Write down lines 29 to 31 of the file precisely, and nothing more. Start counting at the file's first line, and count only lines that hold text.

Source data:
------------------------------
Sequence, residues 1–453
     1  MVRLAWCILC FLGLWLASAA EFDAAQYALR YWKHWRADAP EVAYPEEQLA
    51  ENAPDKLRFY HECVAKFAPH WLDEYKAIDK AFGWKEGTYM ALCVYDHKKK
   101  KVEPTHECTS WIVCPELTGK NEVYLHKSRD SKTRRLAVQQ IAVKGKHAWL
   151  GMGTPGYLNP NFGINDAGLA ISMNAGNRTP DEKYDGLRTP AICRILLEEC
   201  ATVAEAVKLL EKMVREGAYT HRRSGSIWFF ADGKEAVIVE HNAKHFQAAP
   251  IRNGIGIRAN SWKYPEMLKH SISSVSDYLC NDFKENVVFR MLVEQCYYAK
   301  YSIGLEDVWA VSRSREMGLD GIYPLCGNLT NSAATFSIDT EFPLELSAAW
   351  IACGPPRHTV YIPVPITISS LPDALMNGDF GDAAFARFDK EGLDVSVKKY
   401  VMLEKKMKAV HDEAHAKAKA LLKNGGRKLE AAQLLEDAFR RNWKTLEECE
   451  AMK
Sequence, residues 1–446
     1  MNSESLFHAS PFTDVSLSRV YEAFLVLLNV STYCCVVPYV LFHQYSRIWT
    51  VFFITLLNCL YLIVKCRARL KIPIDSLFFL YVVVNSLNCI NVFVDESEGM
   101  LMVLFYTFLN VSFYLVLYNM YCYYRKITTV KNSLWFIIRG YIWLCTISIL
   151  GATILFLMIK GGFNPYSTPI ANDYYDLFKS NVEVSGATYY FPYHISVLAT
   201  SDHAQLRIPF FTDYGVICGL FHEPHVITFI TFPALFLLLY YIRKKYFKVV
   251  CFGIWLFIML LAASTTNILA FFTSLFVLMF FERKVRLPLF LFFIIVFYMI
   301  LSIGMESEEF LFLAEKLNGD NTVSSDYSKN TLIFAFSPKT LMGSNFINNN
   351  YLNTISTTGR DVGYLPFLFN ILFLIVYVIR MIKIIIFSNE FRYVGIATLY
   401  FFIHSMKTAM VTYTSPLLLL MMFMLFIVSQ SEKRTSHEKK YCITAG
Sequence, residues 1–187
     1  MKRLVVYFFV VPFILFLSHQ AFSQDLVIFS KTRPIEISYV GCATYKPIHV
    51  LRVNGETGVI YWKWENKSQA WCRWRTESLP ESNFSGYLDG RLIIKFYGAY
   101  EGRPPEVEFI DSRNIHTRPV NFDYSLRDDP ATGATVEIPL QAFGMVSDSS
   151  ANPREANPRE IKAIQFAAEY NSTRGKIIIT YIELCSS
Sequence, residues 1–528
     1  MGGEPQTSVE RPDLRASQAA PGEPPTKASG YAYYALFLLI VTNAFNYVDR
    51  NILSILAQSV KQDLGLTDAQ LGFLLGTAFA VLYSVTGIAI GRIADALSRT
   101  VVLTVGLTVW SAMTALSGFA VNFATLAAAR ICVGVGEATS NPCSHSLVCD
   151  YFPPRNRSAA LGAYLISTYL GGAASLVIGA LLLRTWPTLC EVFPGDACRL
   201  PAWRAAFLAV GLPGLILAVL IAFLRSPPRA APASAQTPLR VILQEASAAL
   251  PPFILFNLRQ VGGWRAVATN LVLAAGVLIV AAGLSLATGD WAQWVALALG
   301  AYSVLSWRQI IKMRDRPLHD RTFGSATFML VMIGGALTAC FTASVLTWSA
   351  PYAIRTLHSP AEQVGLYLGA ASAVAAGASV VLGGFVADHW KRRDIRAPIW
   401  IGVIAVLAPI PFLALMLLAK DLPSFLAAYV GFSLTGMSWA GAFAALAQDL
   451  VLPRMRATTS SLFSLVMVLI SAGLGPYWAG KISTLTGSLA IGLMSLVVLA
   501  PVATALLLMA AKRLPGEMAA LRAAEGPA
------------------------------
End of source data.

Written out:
    51  NILSILAQSV KQDLGLTDAQ LGFLLGTAFA VLYSVTGIAI GRIADALSRT
   101  VVLTVGLTVW SAMTALSGFA VNFATLAAAR ICVGVGEATS NPCSHSLVCD
   151  YFPPRNRSAA LGAYLISTYL GGAASLVIGA LLLRTWPTLC EVFPGDACRL